Ladybug adults and larvae are great predators of aphids and scales and help keep those pests in check. Ladybug larvae don’t look much like ladybugs though, so you may not notice them, or you may wonder what the tiny monster is that’s munching on aphids. Ladybug larvae come in a variety of colors and shapes. Several people have described them as looking like a small dragon, or for those of you from Rhinelander, perhaps they look like a tiny Hodag.
I recently came across a critter that I would have never guessed was a ladybug larvae; it looked more like a mealybug to me. It was on red pine, and there were no aphids on the red pine, so nothing triggered me to think “ladybug larvae.” After snapping a few pics, I dismissed it as an oddity. But of course oddities are just mysteries waiting to be solved. Mike Hillstrom, my counterpart in Fitchburg, helped narrow this down to a ladybug larvae. Ladybugs in the Hyperaspis genus have larvae that look like mealybugs, and those ladybugs (both larvae and adults) specialize in feeding on pine tortoise scale! How fitting since I found it on red pine!
The following photos illustrate that ladybug larvae come in many shapes, sizes, and colors.
This ladybug larvae, in the genus Hyperaspis, looks like a mealybug and specializes in feeding on pine tortoise scale.
Written by: Linda Williams, forest health specialist, Woodruff, (Linda.Williams@wisconsin.gov), 715-356-5211 x232
Much of Wisconsin has reached peak emergence of emerald ash borer adults.
EAB emergence map as of August 28, 2017. In the north the light green shows peak emergence, and olive is past peak emergence.
EAB continues to be found in new areas. Wisconsin tracks EAB at the municipality or township level. Quarantine counties are shown in tan and infested areas are shown in green on the map below.
EAB quarantine map. Counties shaded in tan are quarantined for EAB, green areas are townships and municipalities where EAB has actually been identified.
Click here for a larger version of the map: EABDetectionsQuarantines
New county quarantines:
New finds in counties already quarantined:
- Columbia County – town of Caledonia and villages of Poynette and Rio
- Crawford County – village of Soldiers Grove
- Dodge County – towns of Herman and Theresa
- Fond du Lac County – village of Campbellsport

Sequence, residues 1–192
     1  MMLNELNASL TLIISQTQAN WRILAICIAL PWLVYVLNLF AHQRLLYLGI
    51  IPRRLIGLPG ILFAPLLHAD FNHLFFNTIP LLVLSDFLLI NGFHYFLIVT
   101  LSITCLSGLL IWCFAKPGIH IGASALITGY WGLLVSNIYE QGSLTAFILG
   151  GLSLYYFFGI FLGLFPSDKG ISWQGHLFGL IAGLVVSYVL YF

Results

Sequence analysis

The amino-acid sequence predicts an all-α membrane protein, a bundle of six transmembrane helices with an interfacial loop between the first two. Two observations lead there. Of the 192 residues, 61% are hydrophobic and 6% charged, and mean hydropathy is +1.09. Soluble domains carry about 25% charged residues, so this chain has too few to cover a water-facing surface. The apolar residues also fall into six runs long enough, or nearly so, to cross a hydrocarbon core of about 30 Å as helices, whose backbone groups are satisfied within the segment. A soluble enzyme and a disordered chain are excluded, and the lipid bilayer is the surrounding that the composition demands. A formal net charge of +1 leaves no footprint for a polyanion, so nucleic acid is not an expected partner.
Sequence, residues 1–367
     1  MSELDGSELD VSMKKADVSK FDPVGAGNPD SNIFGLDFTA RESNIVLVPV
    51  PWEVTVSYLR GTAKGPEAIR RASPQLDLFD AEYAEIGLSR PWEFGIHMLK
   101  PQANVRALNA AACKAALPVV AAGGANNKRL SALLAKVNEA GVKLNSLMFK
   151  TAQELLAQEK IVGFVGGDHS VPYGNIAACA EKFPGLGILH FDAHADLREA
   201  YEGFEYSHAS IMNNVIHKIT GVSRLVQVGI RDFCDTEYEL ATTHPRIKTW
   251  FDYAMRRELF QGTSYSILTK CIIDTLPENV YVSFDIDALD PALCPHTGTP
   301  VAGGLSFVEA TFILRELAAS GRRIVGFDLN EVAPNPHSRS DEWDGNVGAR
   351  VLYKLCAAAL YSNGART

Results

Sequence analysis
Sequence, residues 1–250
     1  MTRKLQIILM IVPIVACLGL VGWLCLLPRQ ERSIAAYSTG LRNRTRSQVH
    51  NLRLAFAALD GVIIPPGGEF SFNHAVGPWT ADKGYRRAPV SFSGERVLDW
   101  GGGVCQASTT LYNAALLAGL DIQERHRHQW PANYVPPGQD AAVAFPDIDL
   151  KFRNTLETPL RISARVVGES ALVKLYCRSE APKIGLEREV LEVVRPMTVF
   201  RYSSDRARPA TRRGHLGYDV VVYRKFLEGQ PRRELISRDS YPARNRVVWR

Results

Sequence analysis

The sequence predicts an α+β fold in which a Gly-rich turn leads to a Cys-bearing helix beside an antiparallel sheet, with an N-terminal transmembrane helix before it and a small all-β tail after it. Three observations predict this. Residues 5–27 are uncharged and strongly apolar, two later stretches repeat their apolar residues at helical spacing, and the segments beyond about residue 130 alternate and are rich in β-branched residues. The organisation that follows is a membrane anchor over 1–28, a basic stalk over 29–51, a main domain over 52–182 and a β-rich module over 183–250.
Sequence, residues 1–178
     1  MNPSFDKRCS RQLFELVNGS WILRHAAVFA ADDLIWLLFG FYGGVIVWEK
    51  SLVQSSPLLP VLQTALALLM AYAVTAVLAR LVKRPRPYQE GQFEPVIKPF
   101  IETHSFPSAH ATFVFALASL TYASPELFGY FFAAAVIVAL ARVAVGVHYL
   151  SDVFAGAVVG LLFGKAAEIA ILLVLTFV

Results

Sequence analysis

- Grant County – city of Boscobel
- Green County – town of Sylvester
- La Crosse County – city of West Salem
- Manitowoc County – city of Manitowoc
- Sheboygan County – village of Howards Grove, towns of Mosel, Rhine and Russell
Written by: Linda Williams, forest health specialist, Woodruff, (Linda.Williams@wisconsin.gov), 715-356-5211 x232.
Oak wilt symptoms are active right now, but so are several other oak leaf diseases. Can you tell the difference?
Trees with oak wilt will suddenly start to drop their leaves in July and August. These leaves will be either tan or a water-soaked greenish color away from the petiole (leaf stem). Near the petiole there will often be an area that is still green, even though the leaf has fallen to the ground. Symptoms typically start near the top of the tree and progress downwards.
Leaves dropped from a tree dying from oak wilt. Note the discoloration on the distal portions of the leaf, while the petiole area is still green.
Oak wilt leaves often drop from the top of the tree first.
Anthracnose is a fungal leaf disease that is quite common this year due to the wet weather that we’ve had. Anthracnose is not fatal to the tree and the tree will hold these leaves throughout the season. Irregular areas of the leaf will be dead, and if this infection occurred when the leaf was expanding the leaf will often end up misshapen or puckered.
Anthracnose causes irregular dead blotches on the leaf.
Tubakia is another leaf disease that we will sometimes see. Symptoms are typically worse in the lower canopy. Leaves may drop from the tree but the pattern of mortality on the leaf will be different than what you see with oak wilt.
This oak is being affected by Tubakia, a fungal leaf disease. Symptoms are significantly worse in the lower canopy.
Written by: Linda Williams, forest health specialist, Woodruff, (Linda.Williams@wisconsin.gov), 715-356-5211 x232.